Virtual Money

In City of Heroes, it’s called influence or prestige. In Aion, it’s called kinah. In the World of Warcraft, it’s called gold. In Second Life, it is called Linden Dollars or just Lindens. In the “real world” we call it money.

There’s a saying “money doesn’t grow on trees”. And it is true, of course. Money is not something you find in nature (unless someone dropped it). Money is a uniquely human invention; bird and bees and dolphins and cats and monkeys do not have this dream, this concept of money. I can think of one exception: our family dog discovered that if she grabbed plastic bottle caps and other things we did not want her to have for safety reasons, she could trade them to us for dog biscuits. She had, in effect developed dog money, a medium of exchange.

In the early history of our species, people or groups gathered and hunted their own food. Edible plants and animals were there for anyone who wanted to invest the time and energy into acquiring them. Primitive clothing and tools, likewise, were commonly made by all individuals. Then we discovered specialization. Some people made better stone knives. Some were better at hunting. Some were better at gathering (and later growing) crops.

Early on, the barter system developed, in which people good at making one commodity traded it to others for some of what they could make, so that everyone in theory could have everything they needed, without needing to make everything for themselves. And specialization flourished and led to the creation of better and better tools, clothing, weapons, homes, etc.

At some point, however, we developed the concept of money: arbitrary symbols for goods and services. These counters, of course, these symbols, had to be a finite resource. Seashells might seem like a good idea to use for money, but then anyone could make a short visit to the beach and have as much as they wanted. So the early money became weights of precious metals. At first, there were no coins at all, merely lumps or molded pieces of copper, silver, and gold — the pretty and pretty rare metals. Ooooh, shiny! instead of paying workers in food, you could give them some copper, and they could then trade the copper to a farmer for some food. The farmer then trades the copper for some tools or livestock or seeds. And so on.

At some point we finally realized that we didn’t have to carry actual gold around. We could, instead, carry around colored pieces of paper that, in theory, stood for a standard amount of gold or silver. Now, we don’t even have to carry paper. We carry plastic cards with magnetic strips on them that allow access to bank accounts in which one and zeroes on hard drives stand for amounts of money people “have”.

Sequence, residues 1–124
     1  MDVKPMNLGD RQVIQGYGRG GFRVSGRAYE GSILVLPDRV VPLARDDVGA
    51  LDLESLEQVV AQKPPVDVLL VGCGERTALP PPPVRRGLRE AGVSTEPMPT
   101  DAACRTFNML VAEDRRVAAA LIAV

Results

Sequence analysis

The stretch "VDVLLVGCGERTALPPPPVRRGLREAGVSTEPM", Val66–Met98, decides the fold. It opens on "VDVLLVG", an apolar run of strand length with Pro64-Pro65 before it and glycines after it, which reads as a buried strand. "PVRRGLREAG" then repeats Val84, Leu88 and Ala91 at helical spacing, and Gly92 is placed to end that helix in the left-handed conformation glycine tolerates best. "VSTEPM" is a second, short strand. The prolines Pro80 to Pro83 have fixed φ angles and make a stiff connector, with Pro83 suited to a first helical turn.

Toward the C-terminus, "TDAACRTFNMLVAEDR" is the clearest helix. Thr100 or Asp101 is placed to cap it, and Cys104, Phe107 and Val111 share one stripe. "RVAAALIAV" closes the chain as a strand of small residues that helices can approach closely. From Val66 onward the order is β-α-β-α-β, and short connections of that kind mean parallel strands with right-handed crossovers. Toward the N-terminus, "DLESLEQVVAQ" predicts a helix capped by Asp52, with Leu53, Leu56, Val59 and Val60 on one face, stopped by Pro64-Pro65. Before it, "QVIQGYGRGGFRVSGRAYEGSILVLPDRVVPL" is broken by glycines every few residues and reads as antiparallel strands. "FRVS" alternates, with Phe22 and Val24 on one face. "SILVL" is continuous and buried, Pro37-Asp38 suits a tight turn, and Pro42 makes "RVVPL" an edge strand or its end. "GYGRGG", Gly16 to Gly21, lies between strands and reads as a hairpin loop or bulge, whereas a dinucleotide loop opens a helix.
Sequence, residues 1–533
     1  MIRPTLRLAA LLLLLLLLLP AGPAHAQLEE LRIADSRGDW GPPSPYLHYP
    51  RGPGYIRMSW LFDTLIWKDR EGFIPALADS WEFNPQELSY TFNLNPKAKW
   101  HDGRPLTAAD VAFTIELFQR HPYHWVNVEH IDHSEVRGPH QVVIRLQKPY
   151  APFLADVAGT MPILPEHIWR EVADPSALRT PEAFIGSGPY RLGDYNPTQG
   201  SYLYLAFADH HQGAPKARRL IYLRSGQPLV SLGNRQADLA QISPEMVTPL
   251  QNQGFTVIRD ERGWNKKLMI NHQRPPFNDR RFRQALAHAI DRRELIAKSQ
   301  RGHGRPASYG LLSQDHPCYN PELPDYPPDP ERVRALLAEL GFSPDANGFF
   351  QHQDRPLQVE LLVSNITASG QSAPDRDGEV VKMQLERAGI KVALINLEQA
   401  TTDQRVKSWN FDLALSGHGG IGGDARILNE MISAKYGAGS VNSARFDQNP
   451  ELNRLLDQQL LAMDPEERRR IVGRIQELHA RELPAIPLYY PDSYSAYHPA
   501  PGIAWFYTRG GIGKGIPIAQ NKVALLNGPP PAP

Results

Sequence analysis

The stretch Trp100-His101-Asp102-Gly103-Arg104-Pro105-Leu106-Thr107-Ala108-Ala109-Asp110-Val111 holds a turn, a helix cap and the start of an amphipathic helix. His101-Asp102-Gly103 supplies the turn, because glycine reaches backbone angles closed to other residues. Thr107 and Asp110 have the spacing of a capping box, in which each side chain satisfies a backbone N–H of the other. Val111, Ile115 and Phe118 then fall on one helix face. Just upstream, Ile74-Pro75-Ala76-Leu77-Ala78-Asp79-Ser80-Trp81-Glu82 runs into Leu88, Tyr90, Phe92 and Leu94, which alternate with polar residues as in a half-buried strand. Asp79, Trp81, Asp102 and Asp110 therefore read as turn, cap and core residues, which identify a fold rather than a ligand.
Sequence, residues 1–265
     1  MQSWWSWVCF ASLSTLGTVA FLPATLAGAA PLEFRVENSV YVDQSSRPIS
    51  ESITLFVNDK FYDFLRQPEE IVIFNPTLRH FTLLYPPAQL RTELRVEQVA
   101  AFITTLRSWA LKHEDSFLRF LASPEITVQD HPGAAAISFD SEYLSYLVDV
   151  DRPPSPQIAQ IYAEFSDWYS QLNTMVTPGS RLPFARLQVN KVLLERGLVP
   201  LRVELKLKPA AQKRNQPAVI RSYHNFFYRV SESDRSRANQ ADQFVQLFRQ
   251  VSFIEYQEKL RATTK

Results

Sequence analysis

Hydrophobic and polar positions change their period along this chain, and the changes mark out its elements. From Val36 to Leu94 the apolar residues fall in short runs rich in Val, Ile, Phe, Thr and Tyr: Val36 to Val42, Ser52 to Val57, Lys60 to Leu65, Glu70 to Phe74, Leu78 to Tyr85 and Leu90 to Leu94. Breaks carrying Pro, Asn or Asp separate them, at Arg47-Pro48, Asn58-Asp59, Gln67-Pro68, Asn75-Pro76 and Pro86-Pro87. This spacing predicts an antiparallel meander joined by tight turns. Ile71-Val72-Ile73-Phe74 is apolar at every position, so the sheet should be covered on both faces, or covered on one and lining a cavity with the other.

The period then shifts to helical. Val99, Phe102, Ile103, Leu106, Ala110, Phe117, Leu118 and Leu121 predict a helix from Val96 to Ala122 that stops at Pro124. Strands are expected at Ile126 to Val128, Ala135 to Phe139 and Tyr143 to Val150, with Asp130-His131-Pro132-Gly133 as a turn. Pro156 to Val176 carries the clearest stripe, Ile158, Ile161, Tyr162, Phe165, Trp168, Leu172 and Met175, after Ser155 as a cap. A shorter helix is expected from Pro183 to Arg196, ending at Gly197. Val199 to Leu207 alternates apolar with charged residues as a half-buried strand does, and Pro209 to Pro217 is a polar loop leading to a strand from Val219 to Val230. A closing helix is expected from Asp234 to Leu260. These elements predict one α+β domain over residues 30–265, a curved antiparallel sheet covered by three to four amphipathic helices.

Back to virtual space. Art imitates life, and so many virtual worlds there is this concept of money. In World of Warcraft, for example, you can gather resources like metal ore, herbs, or cloth, and trade or sell it for in-world currency. I like to use WoW as an example, because it uses the familiar and historic currencies of copper, silver and gold, as I grew up using using pennies and dimes, which originally were made of copper and silver, but nowadays are made of cheaper alloys.

Virtual worlds have virtual economies. Many, like WoW, have auction houses or marketplaces where players can sell resources, food, weapons, armor clothing, and tools to each other to acquire the world’s money, whoch they can then use to buy better weapons or armor etc for themselves. It adds a degree of verisimilitude (realism) to the online gaming. You can acquire skills and make things to sell, and as you become more skilled you can make better things (which require better ingredients) to sell for more money. Rarer things cost more money; common things are cheap. People have have even suggested that these online games/worlds should be used to teach people basic principles of economics like the principle of supply and demand. One fellow whose Warcraft advice I watch related how he had bought up a large number of swords when he learned that WoW was going to change the rules to allow a certain type of player to dual-wield (hold a sword in each hand)….which would greatly increase the demand for swords. He subsequently sold off his inventory of swords for a tidy profit. Buy low, sell high. If the customer does not know where to get your product cheaper (or is too lazy or too impatient to look elsewhere) you can acquire money by selling things for more than you bought them for. Some items, like metal ore or medicinal herbs, are “free” if you spend the time gathering them instead of fighting. In that case, the price you sell them for factors in their scarcity and how much you value your time.

A contraversy arises when real and virtual worlds overlap. It’s called gold farming. Some people play the games merely to acquire the virtual currency, which they then sell to other players in exchange for real world money. The common stereotype is that gold farmers are all Chinese, which is of course not true….but many of them are. the fact of the matter is that gold farming will not get you millions of real world dollars…but if you live in a country where food is not expensive, gold farming might earn enough to feed your family, and then some. So many people in, shall we say, economically disadvantaged regions, have bought computers, paid for internet connections, and begun playing games as a job, to support themselves and their families.

Many online games consider this activity to be a violation of their Terms of Service. The idea is that people should have to earn their own game gold, not buy it with a credit card. Well, of course, your friends or guild mates are allowed to share the results of their labors with you…and guild banks are set up to allow members of the guild to deposit and withdraw game gold from these banks. But that’s not the same as gold farming, is it?